Native Tucker Builds Connection to the Bush
The intriguing world of ‘bush tucker’ is a unique part of the Classic Larapinta Trek in Comfort, Murray River Walk and The Arkaba Walk experiences, and adding yet another layer to the story of the spectacular lands these walks explore.
Native bush tucker tastings on the Classic Larapinta Trek in Comfort. Photo courtesy of Kungkas Can Cook
Also known as bush food, bush tucker is native fauna and flora used for culinary or medicinal purposes, and has been used for thousands of years for sustenance by Indigenous Australians.
Our walks in the outback regions of Northern Territory and South Australia provide rare opportunities to experience these fascinating elements of Australian traditional cuisine, and enables walkers to further connect with the lands they are exploring through the tastings of native fruits, plants and seasonings.
On the Classic Larapinta Trek in Comfort in the Northern Territory, Rayleen Brown from Kungkas Can Cook has started visiting guests at the exclusive semi-permanent Nick Murcutt’s camp to provide an informative talk on native local bush food. Rayleen’s bush tomato and quandong (Santalum acuminatum) dishes tantalise the tastebuds of eager hikers. The popular desert quandong is a tart, highly nutritious fruit that contains twice the vitamin C of an orange and is the perfect addition to a savory or sweet dish.
After a session of talking and tasting, guests are then encouraged and supported by expert guides to identify bush tucker as they continue to explore the captivating scenery of the Larapinta Trail.
Native lemon grass (Cymbopogon ambiguus) on The Arkaba Walk
Further south, on The Arkaba Walk in South Australia, the daily menu is enhanced by local bush tucker. One of the highlights for many guests is a Salt Bush kangaroo – whereby the kangaroo is smoked using local red gum and Salt Bush, a sprawling grey-blue shrub which is naturally salty. The menu also boasts a Lemon Myrtle Poached Chicken Maryland, which is infused with foraged native lemongrass (Cymbopogon ambiguus), an attractive blue-grey leaved grass with fluffy silvery flowerheads and an aromatic foliage.
Walking hosts will also prepare damper in a settler’s camp oven – baked traditionally over coals, accompanied by Salt Bush pesto and native spiced dukkha. Sitting back next to a campfire being fed from ingredients sourced from the native flora and fauna around you is a truly rejuvenating experience, and helps to illustrate the way of life for those who trod the earth before you.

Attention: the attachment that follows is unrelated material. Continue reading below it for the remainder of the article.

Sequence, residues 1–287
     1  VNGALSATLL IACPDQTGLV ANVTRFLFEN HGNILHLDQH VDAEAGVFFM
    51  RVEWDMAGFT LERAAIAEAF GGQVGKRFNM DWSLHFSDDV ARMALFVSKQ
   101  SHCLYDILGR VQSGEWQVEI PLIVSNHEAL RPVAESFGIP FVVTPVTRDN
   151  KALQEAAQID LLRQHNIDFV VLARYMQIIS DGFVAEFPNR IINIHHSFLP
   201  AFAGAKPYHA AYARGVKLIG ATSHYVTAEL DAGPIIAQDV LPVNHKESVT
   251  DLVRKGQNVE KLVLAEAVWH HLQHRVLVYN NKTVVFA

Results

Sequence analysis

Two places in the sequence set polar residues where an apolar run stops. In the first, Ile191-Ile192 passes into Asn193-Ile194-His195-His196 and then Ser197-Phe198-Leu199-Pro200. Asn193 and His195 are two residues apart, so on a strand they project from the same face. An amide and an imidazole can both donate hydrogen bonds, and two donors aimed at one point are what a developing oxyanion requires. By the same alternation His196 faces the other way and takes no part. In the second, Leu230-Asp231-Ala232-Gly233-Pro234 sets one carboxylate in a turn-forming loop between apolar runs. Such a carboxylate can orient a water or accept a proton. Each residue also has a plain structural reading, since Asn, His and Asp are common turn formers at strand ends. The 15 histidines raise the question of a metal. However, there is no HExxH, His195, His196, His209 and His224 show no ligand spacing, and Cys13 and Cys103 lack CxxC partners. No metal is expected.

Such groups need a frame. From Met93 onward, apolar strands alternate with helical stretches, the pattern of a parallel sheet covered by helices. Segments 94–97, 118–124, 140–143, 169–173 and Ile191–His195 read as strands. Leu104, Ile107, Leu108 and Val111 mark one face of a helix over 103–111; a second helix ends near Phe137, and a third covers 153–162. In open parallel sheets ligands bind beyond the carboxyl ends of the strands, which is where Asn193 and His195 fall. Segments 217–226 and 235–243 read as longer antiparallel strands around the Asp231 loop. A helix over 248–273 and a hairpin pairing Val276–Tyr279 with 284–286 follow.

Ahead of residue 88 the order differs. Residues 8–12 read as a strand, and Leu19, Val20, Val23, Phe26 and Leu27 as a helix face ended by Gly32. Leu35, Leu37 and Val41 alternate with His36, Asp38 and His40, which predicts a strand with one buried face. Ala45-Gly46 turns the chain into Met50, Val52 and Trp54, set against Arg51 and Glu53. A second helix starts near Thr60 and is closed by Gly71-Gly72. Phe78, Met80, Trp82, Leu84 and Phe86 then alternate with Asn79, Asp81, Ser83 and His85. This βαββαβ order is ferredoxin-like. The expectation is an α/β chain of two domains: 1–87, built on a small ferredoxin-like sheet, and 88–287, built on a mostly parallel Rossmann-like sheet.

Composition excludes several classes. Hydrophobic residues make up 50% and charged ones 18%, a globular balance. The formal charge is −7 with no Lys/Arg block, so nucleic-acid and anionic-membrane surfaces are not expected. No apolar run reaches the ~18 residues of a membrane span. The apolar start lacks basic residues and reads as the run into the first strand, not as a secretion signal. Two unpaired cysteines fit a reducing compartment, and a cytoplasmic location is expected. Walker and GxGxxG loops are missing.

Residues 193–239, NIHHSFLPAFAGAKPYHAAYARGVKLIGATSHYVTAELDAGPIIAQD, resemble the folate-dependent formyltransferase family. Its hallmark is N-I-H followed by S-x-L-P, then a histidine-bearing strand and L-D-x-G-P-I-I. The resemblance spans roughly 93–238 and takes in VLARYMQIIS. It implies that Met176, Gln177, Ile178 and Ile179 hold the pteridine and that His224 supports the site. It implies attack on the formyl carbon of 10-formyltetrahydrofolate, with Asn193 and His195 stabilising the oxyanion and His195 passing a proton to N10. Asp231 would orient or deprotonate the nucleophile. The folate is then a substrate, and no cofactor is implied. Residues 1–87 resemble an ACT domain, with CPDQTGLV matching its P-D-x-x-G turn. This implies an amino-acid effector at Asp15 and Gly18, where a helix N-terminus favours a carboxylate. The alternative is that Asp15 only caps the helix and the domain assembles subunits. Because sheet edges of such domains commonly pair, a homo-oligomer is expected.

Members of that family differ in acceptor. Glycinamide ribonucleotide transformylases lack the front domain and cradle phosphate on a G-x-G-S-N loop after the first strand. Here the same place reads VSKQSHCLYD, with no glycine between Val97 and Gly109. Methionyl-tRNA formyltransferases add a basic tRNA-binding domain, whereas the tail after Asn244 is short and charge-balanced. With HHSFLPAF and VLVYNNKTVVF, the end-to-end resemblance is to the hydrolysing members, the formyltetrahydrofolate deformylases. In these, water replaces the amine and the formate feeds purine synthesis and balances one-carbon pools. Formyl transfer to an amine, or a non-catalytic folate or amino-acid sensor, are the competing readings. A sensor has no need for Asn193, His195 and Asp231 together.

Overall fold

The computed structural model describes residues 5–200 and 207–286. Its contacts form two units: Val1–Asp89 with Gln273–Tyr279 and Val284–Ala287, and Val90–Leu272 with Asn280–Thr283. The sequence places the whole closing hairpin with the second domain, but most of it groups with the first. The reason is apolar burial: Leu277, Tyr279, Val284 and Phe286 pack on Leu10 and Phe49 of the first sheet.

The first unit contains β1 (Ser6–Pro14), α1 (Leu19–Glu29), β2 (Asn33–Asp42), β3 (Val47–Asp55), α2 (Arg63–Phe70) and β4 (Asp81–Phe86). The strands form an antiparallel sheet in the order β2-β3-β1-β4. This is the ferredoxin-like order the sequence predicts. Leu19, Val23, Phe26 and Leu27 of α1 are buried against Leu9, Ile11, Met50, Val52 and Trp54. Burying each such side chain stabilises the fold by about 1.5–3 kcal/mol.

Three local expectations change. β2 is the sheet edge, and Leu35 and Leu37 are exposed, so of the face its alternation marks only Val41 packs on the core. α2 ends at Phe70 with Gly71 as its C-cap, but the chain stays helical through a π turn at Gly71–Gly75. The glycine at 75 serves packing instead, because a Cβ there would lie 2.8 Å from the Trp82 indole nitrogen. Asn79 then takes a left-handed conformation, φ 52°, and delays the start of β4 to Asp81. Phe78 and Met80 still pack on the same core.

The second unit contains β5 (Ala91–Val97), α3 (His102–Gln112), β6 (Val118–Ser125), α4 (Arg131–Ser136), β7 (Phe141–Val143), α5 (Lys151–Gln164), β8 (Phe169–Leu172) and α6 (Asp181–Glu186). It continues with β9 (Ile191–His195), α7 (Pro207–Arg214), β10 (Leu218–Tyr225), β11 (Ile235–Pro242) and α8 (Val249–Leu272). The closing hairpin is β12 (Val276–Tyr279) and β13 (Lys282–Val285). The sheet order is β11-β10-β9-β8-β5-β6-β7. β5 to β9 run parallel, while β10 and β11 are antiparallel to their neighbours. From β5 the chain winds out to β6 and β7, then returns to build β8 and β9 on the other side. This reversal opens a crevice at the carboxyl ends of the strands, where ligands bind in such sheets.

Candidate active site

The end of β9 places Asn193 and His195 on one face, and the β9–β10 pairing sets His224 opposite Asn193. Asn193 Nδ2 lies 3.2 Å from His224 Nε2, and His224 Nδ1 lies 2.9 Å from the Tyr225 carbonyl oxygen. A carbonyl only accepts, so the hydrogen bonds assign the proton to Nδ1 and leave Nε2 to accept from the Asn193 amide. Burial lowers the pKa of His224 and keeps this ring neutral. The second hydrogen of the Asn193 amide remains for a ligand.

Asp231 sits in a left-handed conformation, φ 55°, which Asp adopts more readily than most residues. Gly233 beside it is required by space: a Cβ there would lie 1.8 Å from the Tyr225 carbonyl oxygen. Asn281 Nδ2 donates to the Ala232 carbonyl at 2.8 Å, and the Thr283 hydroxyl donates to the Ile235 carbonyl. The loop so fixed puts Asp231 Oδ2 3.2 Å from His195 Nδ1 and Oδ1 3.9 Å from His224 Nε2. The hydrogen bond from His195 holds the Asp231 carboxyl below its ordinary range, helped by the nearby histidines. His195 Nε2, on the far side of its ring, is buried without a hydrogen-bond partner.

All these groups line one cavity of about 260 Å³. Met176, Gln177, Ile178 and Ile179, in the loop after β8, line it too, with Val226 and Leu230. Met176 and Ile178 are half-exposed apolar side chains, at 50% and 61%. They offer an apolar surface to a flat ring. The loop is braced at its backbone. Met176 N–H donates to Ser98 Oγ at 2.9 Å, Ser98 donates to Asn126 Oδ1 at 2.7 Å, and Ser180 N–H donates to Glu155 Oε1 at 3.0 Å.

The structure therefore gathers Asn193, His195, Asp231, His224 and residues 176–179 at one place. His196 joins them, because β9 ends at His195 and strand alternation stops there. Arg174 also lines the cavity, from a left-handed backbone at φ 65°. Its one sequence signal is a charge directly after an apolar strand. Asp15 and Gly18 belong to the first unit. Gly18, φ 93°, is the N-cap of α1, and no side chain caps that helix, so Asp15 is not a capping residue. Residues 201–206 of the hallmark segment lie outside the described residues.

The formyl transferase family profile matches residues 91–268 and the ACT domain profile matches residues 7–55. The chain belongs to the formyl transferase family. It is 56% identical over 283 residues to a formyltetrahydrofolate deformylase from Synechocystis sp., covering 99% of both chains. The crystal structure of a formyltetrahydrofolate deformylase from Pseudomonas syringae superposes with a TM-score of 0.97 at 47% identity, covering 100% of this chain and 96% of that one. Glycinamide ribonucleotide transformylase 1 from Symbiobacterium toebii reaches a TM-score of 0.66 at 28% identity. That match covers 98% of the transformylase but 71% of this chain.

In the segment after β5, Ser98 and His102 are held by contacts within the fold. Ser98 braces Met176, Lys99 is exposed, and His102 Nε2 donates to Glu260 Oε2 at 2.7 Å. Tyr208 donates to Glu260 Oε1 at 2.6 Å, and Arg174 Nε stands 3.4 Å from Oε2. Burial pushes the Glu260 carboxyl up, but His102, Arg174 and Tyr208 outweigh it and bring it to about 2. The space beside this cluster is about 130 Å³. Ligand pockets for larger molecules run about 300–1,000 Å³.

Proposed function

Lemon Myrtle, the unsung hero of the Yabbie Bisque on the Murray River Walk
On the banks of the great River Murray, the team from the Murray River Walk are also taking advantage of local bush food.
Partnering with renowned native food specialist, Andrew Fielke, each meal includes a native element, some of which are collected while on the walking route by the expert guides. As guests explore the river land, guides share with them the array of plants that are safe for consumption, nibbling on salt bush and collecting the succulent samphire to fry up for a seafood meal garnish, there is always something new to try.
Native river mint can be found growing amongst lignum on the banks of the Murray River. This delicate herb has an aroma like that of spearmint and is used to create a river mint yoghurt, a unique accompaniment to the walks’ roast garlic and lemon lamb dish.
Lemon Myrtle is also a popular native ingredient used, with a creamy aroma of lemon and lime it is the unsung star of the signature Yabby Bisque, a rich and refreshing entrée using native yabbies, and delighting guests time and time again.
With the taste of the native flora and fauna still dancing on your taste buds as you walk, the stories of the land will come to life. We trust you will enjoy this unique way of connecting to the land and its people on your next Great Walk adventure.